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Merits of Matching Retirement Contributions for Employees

on Friday, 17 July 2015. Posted in Blog

Canadian wage earners are losing up to $3 billion in free money per year by not participating fully in their employers’ defined-contribution (DC) pension plans, per a recent report. Businesses are paying out only an estimated 40-50 percent of their available matching funds. Industry experts are studying this disappointing phenomenon so pension fund managers and employers can help more workers save for retirement. Consult an Alliance Financial advisor to set up or modify your organization’s group retirement plan.

Employees and businesses make DC contributions with expenditures varying by plan. Some minimums are mandatory while others are voluntary. Typically, companies match 50-100 percent of workers’ portions at up to 3-6 percent of their earnings. Staffers who opt out of any amounts miss all employer matches. Those who make partial allocations receive limited matches. DC plans base retirement income on market returns instead of guaranteed payouts.

Investigating Non-Participators’ Motives

Morneau Shepell’s Fred Vettese conducted an actuarial analysis of ample DC pension plan data that included many participants who weren’t consigning enough money to get their companies’ full matches. He learned that around a third of employees didn’t save optional amounts ― even when their employers provided 100-percent matching. As much as two-thirds didn’t opt into voluntary contributions if basic required sums they were making already were high at 4 or more percent of their pay.

The investigation didn’t confirm the expectation that older workers’ outlays would be greater because they’ll receive their employers’ money sooner. Age played a minimal role, especially when Vettese corrected for salary variations. In certain groups, one-fifth of 50- to 59-year-old staffers didn’t choose to make discretionary contributions. Salary levels at and below the nation’s average wage amount in the lower $50,000s influenced elective investment rates significantly.

At one company, people around 45 opted out of the DC plan based on their salaries. They included almost 50 percent of those earning less than $50,000 but just 18 percent who made over that figure.

In plans with limited optional rates, most employees put in nothing or enough to warrant their employers’ maximum matches. This indicates that they based their contribution decisions on if they did or didn’t understand the matching concept instead of their paying abilities or anticipated retirement needs.

Many employees who chose not to chip in elective DC plan contributions still put money in their personal Registered Retirement Savings Plans (RRSPs). Statistics Canada records show that over 50 percent of pension plan participants also make RRSP allocations. But numerous participants are choosing unmatched RRSPs over higher DC plan allotments that would earn company matches.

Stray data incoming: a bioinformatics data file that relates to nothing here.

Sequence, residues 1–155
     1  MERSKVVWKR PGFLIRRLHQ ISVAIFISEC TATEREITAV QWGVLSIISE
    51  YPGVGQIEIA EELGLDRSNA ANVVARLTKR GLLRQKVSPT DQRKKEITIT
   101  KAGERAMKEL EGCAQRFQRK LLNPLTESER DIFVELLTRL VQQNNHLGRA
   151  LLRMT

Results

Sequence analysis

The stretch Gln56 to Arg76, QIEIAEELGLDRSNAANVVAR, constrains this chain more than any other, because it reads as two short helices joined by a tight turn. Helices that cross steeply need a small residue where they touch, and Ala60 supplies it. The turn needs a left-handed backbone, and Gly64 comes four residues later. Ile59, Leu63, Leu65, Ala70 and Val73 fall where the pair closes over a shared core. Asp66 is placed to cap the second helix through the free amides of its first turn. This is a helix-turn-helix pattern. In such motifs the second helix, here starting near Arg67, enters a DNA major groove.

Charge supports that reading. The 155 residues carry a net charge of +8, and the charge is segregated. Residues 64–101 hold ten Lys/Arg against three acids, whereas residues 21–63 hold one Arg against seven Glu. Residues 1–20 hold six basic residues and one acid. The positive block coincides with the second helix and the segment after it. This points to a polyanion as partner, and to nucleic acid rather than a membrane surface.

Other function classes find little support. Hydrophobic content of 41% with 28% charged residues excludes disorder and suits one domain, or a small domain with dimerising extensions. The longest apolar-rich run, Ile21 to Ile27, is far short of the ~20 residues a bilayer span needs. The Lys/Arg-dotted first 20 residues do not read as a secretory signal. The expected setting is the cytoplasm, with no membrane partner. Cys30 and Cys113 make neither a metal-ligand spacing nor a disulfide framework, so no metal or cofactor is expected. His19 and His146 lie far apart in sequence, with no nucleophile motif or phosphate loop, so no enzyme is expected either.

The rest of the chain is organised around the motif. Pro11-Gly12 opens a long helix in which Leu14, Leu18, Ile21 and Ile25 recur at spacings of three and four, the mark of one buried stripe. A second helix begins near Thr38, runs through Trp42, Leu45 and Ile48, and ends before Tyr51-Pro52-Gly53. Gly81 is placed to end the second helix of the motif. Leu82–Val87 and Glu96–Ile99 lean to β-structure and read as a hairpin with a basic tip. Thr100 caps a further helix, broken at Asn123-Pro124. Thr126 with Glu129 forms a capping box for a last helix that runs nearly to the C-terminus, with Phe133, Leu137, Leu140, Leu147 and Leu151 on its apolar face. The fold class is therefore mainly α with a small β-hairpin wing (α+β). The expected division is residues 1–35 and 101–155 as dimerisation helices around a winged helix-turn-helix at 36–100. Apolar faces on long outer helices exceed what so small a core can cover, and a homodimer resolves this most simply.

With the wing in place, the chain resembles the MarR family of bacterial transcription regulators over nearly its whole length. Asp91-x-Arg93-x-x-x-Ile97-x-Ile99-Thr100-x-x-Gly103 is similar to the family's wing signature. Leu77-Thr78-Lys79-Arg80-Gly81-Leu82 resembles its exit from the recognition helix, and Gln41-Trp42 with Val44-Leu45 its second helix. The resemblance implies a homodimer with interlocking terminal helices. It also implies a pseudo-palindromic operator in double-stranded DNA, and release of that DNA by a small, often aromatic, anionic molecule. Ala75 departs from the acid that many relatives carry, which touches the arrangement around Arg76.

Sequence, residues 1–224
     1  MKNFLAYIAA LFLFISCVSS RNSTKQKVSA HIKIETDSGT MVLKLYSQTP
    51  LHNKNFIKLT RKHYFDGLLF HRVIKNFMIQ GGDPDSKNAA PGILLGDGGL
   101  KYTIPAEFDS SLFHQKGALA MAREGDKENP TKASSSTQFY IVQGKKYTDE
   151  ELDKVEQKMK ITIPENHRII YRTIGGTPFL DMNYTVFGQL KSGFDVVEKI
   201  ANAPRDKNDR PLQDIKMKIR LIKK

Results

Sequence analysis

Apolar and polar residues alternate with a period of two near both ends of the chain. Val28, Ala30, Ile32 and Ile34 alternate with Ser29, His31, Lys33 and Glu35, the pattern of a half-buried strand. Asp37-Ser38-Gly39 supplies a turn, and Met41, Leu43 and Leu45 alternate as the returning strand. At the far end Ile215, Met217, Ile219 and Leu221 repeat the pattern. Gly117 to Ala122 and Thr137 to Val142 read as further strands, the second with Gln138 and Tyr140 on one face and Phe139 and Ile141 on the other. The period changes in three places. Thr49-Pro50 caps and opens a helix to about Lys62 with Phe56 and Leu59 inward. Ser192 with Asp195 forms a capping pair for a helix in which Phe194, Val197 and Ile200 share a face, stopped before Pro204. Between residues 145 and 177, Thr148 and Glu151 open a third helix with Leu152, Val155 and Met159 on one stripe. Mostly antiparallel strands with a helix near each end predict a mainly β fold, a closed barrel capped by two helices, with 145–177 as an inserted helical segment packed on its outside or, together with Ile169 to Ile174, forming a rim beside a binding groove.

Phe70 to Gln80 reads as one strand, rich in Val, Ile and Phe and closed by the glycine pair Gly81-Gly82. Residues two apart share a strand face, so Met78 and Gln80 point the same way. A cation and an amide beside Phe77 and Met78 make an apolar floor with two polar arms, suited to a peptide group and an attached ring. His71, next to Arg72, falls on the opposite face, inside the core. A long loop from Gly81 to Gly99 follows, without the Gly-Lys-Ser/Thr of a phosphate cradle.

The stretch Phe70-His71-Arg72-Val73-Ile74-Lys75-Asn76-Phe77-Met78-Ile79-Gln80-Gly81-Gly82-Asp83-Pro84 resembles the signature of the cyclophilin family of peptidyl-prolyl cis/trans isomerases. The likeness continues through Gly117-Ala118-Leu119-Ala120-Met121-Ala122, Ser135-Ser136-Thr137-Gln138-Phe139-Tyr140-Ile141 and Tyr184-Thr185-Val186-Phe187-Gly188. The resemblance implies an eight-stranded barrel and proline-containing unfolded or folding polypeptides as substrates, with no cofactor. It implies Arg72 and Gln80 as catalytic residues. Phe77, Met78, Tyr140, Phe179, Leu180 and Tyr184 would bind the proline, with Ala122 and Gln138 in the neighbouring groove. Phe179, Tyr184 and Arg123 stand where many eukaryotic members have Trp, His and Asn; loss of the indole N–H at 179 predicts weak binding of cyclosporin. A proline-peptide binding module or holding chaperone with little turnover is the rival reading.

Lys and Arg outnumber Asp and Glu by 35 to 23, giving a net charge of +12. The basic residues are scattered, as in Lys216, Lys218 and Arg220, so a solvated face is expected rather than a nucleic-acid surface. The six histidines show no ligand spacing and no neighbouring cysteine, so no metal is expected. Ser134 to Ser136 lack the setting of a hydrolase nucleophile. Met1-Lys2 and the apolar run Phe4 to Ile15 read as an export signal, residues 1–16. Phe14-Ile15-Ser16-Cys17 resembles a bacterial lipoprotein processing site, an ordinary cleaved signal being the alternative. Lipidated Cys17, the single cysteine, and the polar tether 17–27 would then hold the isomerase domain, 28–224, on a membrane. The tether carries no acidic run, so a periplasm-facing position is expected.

Encouraging Employee Saving

Why multitudes of workers fail to accept their employers’ full matching funds puzzles pension experts since 100-percent returns of just 50-percent matches are difficult to achieve elsewhere. Employees would need 15 years and 5-percent annual returns for a $5000 stock market investment to double.

Staffers’ reasons for not participating fully vary. Some don’t have discretionary income available. Younger workers earning below-average wages believe that they can’t spare that much of their income. They struggle just to raise children while meeting their mortgage payments. But not maxing out their employers’ matches hurts young investors who sacrifice the benefits that compounding investment returns provide.

Making up that lost ground in later life is incredibly difficult. Low-paid employees who contribute to Tax-Free Savings Accounts (TFSAs) gain other advantages. Unlike DC pension plans, TFSA withdrawals don’t reduce their retirements’ guaranteed income supplements.

Some wage earners don’t trust their employers, and short-service workers are less inclined to make voluntary allocations. For new hires especially, company-matching contributions may seem too advantageous to believe while they’re actually catch free. When employees lack confidence, they should realize that their DC pensions’ trust funds are secure ― even if their employers go bankrupt. Another benefit is that their organizations’ matching amounts don’t reduce their salaries.

Personnel who don’t like their DC plans’ investment options may prefer personal RRSPs. Vettese advises that DC plans’ employer matches offer better returns. Even without those extra funds, fees for group DC management usually are lower than private retail products. Because businesses deduct pension contributions from payroll, they decrease staffers’ taxable income while individuals make other investments after taxes. Employees who chose to spend their money today instead of saving for their retirement may not realize that they could amass up to twice as much with generous employer-matching funds.

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